Seyfarth Synopsis: Last week, the Securities and Exchange Commission released an Order Determining Whistleblower Award Claim holding that the whistleblower’s award should be reduced to 20% of the monetary sanctions collected in the covered action because the claimant was both involved in the illegal conduct and delayed in reporting the violations.

On February 28, 2017, the Securities and Exchange Commission (“SEC”) released an Order Determining Whistleblower Award Claim, Release No. 80115, which affirmed the Claims Review Staff’s Preliminary Determination that the claimant’s whistleblower award be reduced because of the claimant’s culpability in the securities violations and the claimant’s delay in reporting the award. The SEC adopted the Preliminary Determination and reduced the whistleblower’s award to 20%. This penalty is meant to encourage whistleblowers to promptly report violations and act in a manner that curtails, and does not further, the alleged illegal actions.

Under Section 21F of the Dodd-Frank Wall Street Reform and Consumer Protection Act of 2010 (“Dodd-Frank”), the SEC is directed to grant monetary awards to “eligible individuals” who offer information to the SEC leading to successful enforcement actions involving monetary sanctions over $1 million. The bounties range from between 10-30% of the sanctions collected. This award program acts as an incentive for employees in the financial industry to report violations of the securities laws. We previously reported on a near record breaking whistleblower award of $22 million in June 2016, bested only by a $30 million award in September 2014. According to the 2016 Annual Report to Congress on the Dodd-Frank Whistleblower Program, more than $111 million has been awarded in bounties to 34 whistleblowers through the Program.

The recent award, however, does not withhold the full amount of the potential recovery, and is only a 10% reduction from the maximum possible award of 30%. While some potential whistleblowers may consider this partial reduction an incentive for prompt reporting, there is also a countervailing consideration that allowing the harm to continue may lead to greater recovery by inflating the potential SEC recovery. Thus as a practical matter, potential whistleblowers might be tempted to weigh the risks and benefits of delay.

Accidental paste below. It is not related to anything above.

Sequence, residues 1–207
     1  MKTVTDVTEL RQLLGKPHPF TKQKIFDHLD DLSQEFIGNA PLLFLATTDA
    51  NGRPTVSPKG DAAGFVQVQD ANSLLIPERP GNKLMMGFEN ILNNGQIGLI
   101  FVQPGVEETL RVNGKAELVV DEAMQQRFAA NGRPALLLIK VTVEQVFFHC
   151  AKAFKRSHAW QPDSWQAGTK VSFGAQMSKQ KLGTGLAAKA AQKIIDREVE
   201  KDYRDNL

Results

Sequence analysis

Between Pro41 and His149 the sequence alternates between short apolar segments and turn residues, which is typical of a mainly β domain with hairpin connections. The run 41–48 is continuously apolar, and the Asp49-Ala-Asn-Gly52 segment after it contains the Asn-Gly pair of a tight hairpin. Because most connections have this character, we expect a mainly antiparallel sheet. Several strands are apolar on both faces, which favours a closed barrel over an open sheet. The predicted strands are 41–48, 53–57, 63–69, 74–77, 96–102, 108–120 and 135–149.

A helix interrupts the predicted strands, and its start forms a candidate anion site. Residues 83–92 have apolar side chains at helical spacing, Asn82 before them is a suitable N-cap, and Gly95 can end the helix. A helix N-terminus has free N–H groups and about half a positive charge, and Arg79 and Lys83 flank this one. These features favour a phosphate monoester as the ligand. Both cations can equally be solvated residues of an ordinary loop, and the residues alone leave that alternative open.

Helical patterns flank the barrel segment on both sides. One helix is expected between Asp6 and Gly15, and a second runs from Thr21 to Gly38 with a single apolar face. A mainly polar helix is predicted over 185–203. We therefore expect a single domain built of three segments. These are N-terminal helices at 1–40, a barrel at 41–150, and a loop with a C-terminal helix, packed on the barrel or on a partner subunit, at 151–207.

As a matter of public policy, however, whistleblowers should not benefit from delay or other less-than-virtuous conduct themselves. Currently, only whistleblowers who are indicted for participation in the underlying misconduct are prevented from receiving bounties. (See § 21F(c)(2)(B)). Allowing whistleblowers to benefit from delayed reporting or allowing the misconduct to continue seems contrary to the intent of the law.

Consider the compliance officer who waits until she faces discipline for performance problems and/or unrelated misconduct, and then complains about purported unlawful activity. The compliance officer should have identified and corrected the unlawful conduct as part of her job, yet waited until it was personally advantageous to complain. The delay increased her bounty but also the harm of the misconduct. Although she would likely not be indicted for allowing the misconduct to continue, it seems contrary to the purpose of the Act to allow her to benefit from delay and her failure to correct the misconduct.

House Republicans circulated a non-public memorandum in February taking aim at those involved in the illegal conduct who seek to collect a whistleblower award, and would prohibit claimants from profiting where he or she is found to have compounded the violations by failing to act promptly to report or correct the misconduct.

Further legislative clarity may resolve the issue of whether wrongdoers can continue to profit from deliberate reporting delays or whether prompt action will become a requirement for a whistleblower award. Look out for our posts in the coming weeks which will feature the latest issues with respect to Dodd-Frank.